Long known for nuts, San Francisco-based Diamond Foods is poised to become an all-around snacks powerhouse with yesterday's announcement of a $2.35 billion deal to acquire Pringles from Procter & Gamble.
It's a big leap for a company founded by California walnut growers a century ago -- but one that has been in the making since 2008, went it got into the popcorn business with its acquisition of Pop Secret from General Mills. The marketer followed that last year with the acquisition of Kettle Foods, maker of the Kettle potato chip brand, a premium niche player in the chip market. But Pringles is its biggest bet yet. The deal, expected to close at the end of the year if approved by regulators and shareholders, will triple the size of Diamond's snacks business and vault it to No. 2 in the global sweet and savory snacks category behind PepsiCo, owner of Frito-Lay, according to analyst firm D.A. Davidson & Co.
"This is a transformative deal," D.A. Davidson said in a research bulletin, noting that Diamond's international business will jump from 20% of sales to 49%. "Pringles brings scale in markets that matter and should provide the opportunity for Diamond's existing portfolio."
Janney analyst Mitchell B. Pinheiro said: "It's generally a good thing when a food company buys a food asset from a nonfood company" because "so often times these food brands, they are a little neglected."
But the acquisition will come with challenges, for sure. In the U.S., Frito-Lay has a large lead with nearly 60% of the market with brands such as Lay's and Ruffles, whose sales grew by 3.3% and 11.3%, respectively, from 2009, according to SymphonyIRI data cited by Mintel. Pringles, meantime, ended 2010 on a down note with sales dropping by 4.3% and market share declining from 8.7% to 8%. Recent line extensions such as Pringles Multigrain have posted decent sales gains, but the increases have come at the expense of flagship brand, Mintel noted in a recent report.
Still, Diamond executives noted that Pringles sales have been trending up as of late across the globe, thanks in part to increased brand investment of roughly $20 million in fiscal 2011. "P&G has actually increased their advertising level in 2011 vs. 2010, which will be consistent with our disposition out the gate, which will be to invest in the brand," Diamond CEO Michael Mendes said on a call with analysts. In 2010, P&G shoveled $30.9 million in measured media spending against the brand in the U.S. -- including $12.9 million behind the new multigrain line -- up from $27.7 million the year before and $8.7 million in 2008, according to Kantar Media.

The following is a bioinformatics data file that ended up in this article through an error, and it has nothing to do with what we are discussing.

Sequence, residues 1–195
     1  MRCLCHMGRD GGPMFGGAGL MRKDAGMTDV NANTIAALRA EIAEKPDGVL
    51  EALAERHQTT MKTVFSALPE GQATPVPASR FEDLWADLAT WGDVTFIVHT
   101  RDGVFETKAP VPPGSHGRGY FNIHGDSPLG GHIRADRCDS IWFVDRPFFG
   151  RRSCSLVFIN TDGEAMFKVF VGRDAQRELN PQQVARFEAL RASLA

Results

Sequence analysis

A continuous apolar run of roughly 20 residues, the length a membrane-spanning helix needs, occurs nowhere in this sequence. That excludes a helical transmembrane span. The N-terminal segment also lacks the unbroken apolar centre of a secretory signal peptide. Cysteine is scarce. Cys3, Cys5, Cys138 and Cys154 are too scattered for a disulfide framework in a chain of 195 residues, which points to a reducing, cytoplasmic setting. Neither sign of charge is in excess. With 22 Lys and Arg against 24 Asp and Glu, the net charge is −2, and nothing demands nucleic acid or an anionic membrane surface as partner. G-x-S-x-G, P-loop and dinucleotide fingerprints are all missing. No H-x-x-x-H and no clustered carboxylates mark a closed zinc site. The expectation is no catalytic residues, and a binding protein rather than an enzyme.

Diamond spent $8.3 million in measured media on its brands in 2010, which include Diamond almonds and walnuts, Emerald nuts, Kettle and Pop Secret, according to Kantar. The marketer's agency is Deutsch, Los Angeles. Pringles is currently handled by WPP's Grey Global Group, New York, with help from siblings MediaCom, New York, on communications planning and Possible Worldwide, Cincinnati, on digital.
Diamond executives did not outline specific marketing plans, but said Pringles will bring a younger customer base compared with existing brands. The acquisition is "going to be beneficial to our product line to really get our arm around that demographic," Mr. Mendes said. At the same time, executives expect greater penetration at convenience stores, where Pringles has more presence than Diamond brands. "We would like to expand that and at the same time enter with many of our products in that same area, so we will be concentrating more in that segment," Mr. Mendes said. The acquisition also brings Diamond a bigger international footprint. Pringles is sold in more than 140 countries, while Diamond operates in roughly 100.
D.A. Davidson said it expects Diamond to follow the game plan it used for Pop Secret, which was to "take a mature orphan brand and lever it though greater marketing and distribution." Under Diamond, measured media spending on the popcorn more than tripled from 2008 to 2010 to $4.1 million. The brand gained a full point in market share to 15.7% in 2010, while most major competitors lost ground, including market leader ConAgra whose brands including Orville Redenbacher and Act II dropped from 40.4% share to 38.5%, according to Mintel.
But in the U.S., Diamond could be battling headwinds in the chips category, which shows signs of softening. "Chip sales did really well during the recession ... as consumers were eating out less and at home more," said Bill Patterson, a Mintel analyst. But as the economy improves, the category is expected to grow by only low-single digits, compared with its recent peak of 11.8% in 2009.
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